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Association of Age with Mortality and Virological and Immunological Response to Antiretroviral Therapy in Rural South African Adults

Mutevedzi, PC; Lessells, RJ; Rodger, AJ; Newell, ML; (2011) Association of Age with Mortality and Virological and Immunological Response to Antiretroviral Therapy in Rural South African Adults. PLOS ONE , 6 (7) , Article e21795. 10.1371/journal.pone.0021795. Green open access

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Abstract

Objective: To assess whether treatment outcomes vary with age for adults receiving antiretroviral therapy (ART) in a large rural HIV treatment cohort.Design: Retrospective cohort analysis using data from a public HIV Treatment & Care Programme.Methods: Adults initiating ART 1(st) August 2004 - 31(st) October 2009 were stratified by age at initiation: young adults (16-24 years) mid-age adults (25-49 years) and older (>= 50 years) adults. Kaplan-Meier survival analysis was used to estimate mortality rates and age and person-time stratified Cox regression to determine factors associated with mortality. Changes in CD4 cell counts were quantified using a piecewise linear model based on follow-up CD4 cell counts measured at six-monthly time points.Results: 8846 adults were included, 808 (9.1%) young adults; 7119 (80.5%) mid-age adults and 919 (10.4%) older adults, with 997 deaths over 14,778 person-years of follow-up. Adjusting for baseline characteristics, older adults had 32% excess mortality (p = 0.004) compared to those aged 25-49 years. Overall mortality rates (MR) per 100 person-years were 6.18 (95% CI 4.90-7.78); 6.55 (95% CI 6.11-7.02) and 8.69 (95% CI 7.34-10.28) for young, mid-age and older adults respectively. In the first year on ART, for older compared to both young and mid-aged adults, MR per 100 person-years were significantly higher; 0-3 months (MR: 27.1 vs 17.17 and 21.36) and 3-12 months (MR: 9.5 vs 4.02 and 6.02) respectively. CD4 count reconstitution was lower, despite better virological response in the older adults. There were no significant differences in MR after 1year of ART. Baseline markers of advanced disease were independently associated with very early mortality (0-3 months) whilst immunological and virological responses were associated with mortality after 12months.Conclusions: Early ART initiation and improving clinical care of older adults are required to reduce high early mortality and enhance immunologic recovery, particularly in the initial phases of ART.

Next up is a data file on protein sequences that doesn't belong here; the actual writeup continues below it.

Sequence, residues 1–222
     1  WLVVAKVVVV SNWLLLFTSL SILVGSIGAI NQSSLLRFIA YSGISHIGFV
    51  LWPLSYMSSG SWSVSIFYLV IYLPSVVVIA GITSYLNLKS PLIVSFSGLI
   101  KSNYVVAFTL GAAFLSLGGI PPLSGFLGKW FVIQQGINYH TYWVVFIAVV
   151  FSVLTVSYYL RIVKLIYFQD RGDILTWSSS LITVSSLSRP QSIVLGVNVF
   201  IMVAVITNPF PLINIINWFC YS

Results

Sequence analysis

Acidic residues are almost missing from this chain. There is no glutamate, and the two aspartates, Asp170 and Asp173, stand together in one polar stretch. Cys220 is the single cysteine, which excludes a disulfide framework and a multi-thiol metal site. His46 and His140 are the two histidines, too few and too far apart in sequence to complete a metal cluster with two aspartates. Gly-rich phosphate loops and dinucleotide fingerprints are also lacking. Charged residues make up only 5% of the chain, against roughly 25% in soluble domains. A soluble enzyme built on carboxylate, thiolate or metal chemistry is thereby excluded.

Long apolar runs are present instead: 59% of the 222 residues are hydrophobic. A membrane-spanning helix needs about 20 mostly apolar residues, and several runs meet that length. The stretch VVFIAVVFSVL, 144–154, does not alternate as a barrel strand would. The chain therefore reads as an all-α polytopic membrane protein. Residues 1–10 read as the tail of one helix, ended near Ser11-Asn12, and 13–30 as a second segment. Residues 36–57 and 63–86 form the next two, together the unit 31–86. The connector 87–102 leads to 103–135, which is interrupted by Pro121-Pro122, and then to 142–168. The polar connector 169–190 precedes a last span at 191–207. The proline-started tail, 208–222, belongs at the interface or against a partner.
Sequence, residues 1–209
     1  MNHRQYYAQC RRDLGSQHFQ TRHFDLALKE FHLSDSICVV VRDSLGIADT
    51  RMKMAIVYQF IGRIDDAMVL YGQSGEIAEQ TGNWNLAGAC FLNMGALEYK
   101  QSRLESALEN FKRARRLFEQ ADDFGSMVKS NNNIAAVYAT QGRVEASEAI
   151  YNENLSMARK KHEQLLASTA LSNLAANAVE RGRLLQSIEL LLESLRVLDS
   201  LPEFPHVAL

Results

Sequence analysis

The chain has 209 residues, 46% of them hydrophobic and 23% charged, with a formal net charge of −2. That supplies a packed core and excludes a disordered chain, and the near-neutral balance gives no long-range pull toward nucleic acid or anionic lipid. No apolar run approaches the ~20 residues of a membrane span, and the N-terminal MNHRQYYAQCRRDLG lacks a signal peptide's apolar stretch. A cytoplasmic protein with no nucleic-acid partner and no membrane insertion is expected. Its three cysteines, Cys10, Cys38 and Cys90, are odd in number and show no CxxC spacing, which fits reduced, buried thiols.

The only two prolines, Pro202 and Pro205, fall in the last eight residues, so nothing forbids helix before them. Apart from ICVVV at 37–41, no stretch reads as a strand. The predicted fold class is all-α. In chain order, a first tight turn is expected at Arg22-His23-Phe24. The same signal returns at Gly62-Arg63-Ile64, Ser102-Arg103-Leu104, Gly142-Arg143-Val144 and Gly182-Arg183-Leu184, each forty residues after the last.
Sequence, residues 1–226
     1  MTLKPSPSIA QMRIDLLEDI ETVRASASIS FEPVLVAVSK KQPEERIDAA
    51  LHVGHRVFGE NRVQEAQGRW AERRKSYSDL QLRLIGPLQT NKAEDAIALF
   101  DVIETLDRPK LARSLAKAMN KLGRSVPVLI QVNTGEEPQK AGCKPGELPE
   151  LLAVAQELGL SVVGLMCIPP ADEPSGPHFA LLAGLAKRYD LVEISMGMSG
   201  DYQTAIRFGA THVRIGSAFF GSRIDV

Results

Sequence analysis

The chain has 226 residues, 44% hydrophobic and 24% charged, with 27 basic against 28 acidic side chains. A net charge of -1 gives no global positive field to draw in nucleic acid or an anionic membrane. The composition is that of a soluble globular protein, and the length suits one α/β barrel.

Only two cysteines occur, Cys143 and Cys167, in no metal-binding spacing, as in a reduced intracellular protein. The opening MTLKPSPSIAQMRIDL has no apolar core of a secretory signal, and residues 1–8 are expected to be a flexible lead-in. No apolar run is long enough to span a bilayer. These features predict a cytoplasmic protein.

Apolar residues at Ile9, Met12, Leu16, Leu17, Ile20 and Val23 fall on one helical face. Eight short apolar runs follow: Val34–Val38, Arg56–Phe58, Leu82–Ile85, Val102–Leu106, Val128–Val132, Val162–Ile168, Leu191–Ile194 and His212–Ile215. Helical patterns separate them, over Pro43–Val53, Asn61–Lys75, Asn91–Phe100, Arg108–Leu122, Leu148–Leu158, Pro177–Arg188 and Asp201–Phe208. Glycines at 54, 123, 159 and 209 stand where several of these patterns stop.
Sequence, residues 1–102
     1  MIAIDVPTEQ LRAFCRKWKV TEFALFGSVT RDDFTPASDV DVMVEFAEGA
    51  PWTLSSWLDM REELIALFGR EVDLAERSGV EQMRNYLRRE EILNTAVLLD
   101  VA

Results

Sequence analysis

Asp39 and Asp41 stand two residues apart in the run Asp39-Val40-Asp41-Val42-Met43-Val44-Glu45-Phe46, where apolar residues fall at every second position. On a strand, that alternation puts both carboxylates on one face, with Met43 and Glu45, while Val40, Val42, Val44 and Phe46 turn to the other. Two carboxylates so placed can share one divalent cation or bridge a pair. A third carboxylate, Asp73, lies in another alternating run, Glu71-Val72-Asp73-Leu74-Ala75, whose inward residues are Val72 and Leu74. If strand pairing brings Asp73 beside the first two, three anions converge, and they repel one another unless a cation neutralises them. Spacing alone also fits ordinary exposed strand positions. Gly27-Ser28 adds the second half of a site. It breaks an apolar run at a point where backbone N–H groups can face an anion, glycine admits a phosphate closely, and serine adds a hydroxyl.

Type: Article
Title: Association of Age with Mortality and Virological and Immunological Response to Antiretroviral Therapy in Rural South African Adults
Open access status: An open access version is available from UCL Discovery
DOI: 10.1371/journal.pone.0021795
Publisher version: http://dx.doi.org/10.1371/journal.pone.0021795
Language: English
Additional information: © 2011 Mutevedzi et al. This is an open-access article distributed under the terms of the Creative Commons Attribution License, which permits unrestricted use, distribution, and reproduction in any medium, provided the original author and source are credited. The Africa Centre for Health and Population Studies is funded by a core grant from the Wellcome Trust (Grant number 082384/Z/07/Z) [www.wellcome.ac.uk]. The Hlabisa HIV Treatment and Care Programme receives support through the United States Agency for International Development (USAID) and the President's Emergency Plan (PEPFAR) under the terms of Award No. 674-A-00-08-00001-00. The opinions expressed herein are those of the authors and do not necessarily reflect the view of the USAID or the United States Government. The funders had no role in study design, data collection and analysis, decision to publish, or preparation of the manuscript.
Keywords: RECONSTITUTION INFLAMMATORY SYNDROME, HIV-INFECTION, INCOME COUNTRIES, FOLLOW-UP, OLDER-ADULTS, HIGH-RATES, SCALE-UP, PROGRAM, COHORT, OUTCOMES
UCL classification: UCL
UCL > Provost and Vice Provost Offices
UCL > Provost and Vice Provost Offices > School of Life and Medical Sciences
UCL > Provost and Vice Provost Offices > School of Life and Medical Sciences > Faculty of Population Health Sciences
UCL > Provost and Vice Provost Offices > School of Life and Medical Sciences > Faculty of Population Health Sciences > Institute for Global Health
UCL > Provost and Vice Provost Offices > School of Life and Medical Sciences > Faculty of Population Health Sciences > Institute for Global Health > Infection and Population Health
URI: https://discovery.ucl.ac.uk/id/eprint/1356692
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